Six Feet Under – Death Rituals (Metal Blade Records)Friday, 15th March 2013
Isn’t it strange how different the career paths of Cannibal Corpse and Six Feet Under are? Seriously, wasn’t Barnes and co. supposed to be the break out, massively commercial death metal band? And wasn’t Cannibal supposed to be stuck in the mud with their unmatched brutality being their only selling point? A good 13 years since the Barnes/Cannibal split, Six Feet Under has been the brunt of many a good joke regarding their studio habits (writing songs on the fly = inexcusable) and Cannibal is more popular than ever. Methinks things didn’t work out the way Barnes wanted them to…
Anyway, Death Rituals is the first SFU album written before entering the studio in five years, so right off the bat it’s better than both 2005’s 13 and last year’sCommandment. Songs like the punchy “Eulogy for the Undead” and “Seed of Filth” are instant groove death metal stalwarts, especially the latter which has some cool gang vocals going on. Even foregoing the usual movie clip in lieu of a message on answering machine for “Shot in the Head” works.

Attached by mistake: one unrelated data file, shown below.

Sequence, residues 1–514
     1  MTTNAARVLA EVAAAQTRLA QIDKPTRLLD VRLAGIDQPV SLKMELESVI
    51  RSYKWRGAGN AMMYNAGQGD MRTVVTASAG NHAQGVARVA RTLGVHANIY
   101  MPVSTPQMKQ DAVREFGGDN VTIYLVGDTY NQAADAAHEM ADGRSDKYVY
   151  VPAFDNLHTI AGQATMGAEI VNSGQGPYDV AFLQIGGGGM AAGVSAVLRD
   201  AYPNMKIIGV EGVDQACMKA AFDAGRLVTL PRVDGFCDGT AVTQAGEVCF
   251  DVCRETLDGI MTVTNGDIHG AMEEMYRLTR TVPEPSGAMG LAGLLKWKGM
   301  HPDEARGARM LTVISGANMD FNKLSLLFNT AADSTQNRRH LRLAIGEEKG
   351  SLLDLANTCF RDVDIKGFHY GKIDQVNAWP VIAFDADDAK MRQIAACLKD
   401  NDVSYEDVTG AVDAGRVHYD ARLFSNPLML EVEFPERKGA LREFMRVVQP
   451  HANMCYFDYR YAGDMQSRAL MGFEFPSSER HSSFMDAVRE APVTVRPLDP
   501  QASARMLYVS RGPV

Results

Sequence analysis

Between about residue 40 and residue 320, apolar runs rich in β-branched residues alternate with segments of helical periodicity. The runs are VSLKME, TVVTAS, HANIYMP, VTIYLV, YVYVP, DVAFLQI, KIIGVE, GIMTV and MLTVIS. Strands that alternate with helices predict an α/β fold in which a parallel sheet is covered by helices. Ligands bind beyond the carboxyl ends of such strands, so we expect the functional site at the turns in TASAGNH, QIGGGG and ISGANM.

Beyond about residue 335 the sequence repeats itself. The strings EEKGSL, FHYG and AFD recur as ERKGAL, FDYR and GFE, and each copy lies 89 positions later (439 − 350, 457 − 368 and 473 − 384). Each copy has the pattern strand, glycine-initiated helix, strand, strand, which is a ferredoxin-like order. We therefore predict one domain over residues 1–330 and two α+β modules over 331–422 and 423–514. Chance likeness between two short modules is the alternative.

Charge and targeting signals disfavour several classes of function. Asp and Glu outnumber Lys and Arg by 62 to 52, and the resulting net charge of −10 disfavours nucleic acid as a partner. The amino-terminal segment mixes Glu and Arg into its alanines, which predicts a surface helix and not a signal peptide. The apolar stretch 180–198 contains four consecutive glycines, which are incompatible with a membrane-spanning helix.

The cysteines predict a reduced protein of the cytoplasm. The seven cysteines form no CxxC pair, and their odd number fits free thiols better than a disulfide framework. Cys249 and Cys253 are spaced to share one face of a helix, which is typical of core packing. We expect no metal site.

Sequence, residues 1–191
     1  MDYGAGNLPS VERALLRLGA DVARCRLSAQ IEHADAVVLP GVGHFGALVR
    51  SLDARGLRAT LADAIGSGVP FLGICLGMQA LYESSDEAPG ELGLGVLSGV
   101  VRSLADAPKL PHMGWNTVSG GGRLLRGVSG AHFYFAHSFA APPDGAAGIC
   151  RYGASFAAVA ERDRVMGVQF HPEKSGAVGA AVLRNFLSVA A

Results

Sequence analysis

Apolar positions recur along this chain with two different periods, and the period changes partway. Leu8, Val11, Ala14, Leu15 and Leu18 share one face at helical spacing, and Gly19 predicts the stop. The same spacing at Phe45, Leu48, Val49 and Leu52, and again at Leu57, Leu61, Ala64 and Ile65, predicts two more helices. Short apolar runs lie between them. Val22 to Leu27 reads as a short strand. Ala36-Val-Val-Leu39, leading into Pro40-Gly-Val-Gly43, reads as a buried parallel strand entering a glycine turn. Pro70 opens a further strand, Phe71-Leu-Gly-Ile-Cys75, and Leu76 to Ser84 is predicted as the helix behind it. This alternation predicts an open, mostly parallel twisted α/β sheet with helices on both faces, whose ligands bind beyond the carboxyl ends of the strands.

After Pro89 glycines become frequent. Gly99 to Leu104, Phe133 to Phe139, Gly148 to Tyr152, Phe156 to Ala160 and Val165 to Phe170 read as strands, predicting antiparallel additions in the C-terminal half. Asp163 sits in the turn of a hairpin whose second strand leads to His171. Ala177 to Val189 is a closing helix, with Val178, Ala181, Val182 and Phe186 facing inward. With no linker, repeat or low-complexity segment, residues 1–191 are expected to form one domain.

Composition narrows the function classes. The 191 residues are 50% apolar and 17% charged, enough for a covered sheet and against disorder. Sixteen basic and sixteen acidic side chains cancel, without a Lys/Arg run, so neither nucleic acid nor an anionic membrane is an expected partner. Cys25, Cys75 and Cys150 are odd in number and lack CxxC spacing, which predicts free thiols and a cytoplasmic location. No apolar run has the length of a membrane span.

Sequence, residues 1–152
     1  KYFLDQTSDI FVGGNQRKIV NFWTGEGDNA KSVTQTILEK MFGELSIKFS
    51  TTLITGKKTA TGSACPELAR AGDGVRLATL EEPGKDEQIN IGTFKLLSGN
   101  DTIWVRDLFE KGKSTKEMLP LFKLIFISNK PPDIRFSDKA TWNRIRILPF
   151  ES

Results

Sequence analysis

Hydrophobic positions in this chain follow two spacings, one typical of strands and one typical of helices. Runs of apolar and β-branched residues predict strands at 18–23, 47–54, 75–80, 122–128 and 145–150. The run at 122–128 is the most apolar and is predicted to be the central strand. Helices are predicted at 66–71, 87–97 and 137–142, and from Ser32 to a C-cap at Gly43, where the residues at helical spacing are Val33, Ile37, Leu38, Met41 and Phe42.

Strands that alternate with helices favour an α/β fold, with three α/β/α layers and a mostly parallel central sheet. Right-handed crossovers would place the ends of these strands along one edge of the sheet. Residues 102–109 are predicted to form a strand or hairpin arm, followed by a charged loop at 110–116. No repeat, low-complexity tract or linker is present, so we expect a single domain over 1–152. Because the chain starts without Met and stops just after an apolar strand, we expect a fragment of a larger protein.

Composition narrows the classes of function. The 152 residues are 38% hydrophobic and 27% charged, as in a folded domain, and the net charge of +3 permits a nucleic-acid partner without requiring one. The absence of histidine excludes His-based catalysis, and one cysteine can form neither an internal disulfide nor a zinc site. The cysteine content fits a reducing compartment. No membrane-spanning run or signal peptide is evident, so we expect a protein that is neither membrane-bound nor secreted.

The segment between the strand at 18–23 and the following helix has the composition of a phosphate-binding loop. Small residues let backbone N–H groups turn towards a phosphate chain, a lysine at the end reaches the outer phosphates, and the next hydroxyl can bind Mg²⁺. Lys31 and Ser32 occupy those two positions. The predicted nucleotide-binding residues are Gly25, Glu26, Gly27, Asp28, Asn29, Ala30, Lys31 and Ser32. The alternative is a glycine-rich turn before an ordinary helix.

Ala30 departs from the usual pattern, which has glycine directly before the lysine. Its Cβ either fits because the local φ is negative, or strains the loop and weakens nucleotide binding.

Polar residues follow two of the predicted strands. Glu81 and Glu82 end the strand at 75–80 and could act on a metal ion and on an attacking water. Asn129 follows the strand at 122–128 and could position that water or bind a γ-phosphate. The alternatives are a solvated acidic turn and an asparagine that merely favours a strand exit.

The cover of Motley Crue’s “Bastard” is unnecessary given SFU’s cover song past, but guitarist Steve Swanson proves his worth during the acoustic intro for “Death By Machete” (a total surprise, mind you) and “None Will Escape” which gives the underrated six-stringer a chance to demonstrate his simple, but effective solo abilities.
As for Chris Barnes, he’s turned himself down in the mix, which is a big plus considering how much he overpowered the band’s last three or four albums. Not as discernable as he was during the Warpath days, Barnes still has an instantly recognizable growl that chunks its way across “Into the Crematorium” and “Ten Deadly Plagues.”
Originally, we had Death Rituals pegged as a 7/10, but the album (and band) has won back an old fan. Perhaps the best SFU since their Haunted debut,Death Rituals proves that when Barnes and boys actually put thought and effort into their music, they can be a death metal force to be reckoned with. It’s going to be hard to look past their lowly output this decade, but Death Rituals is more than tolerable – it’s quite good.
(This content originally appeared on Blistering.com)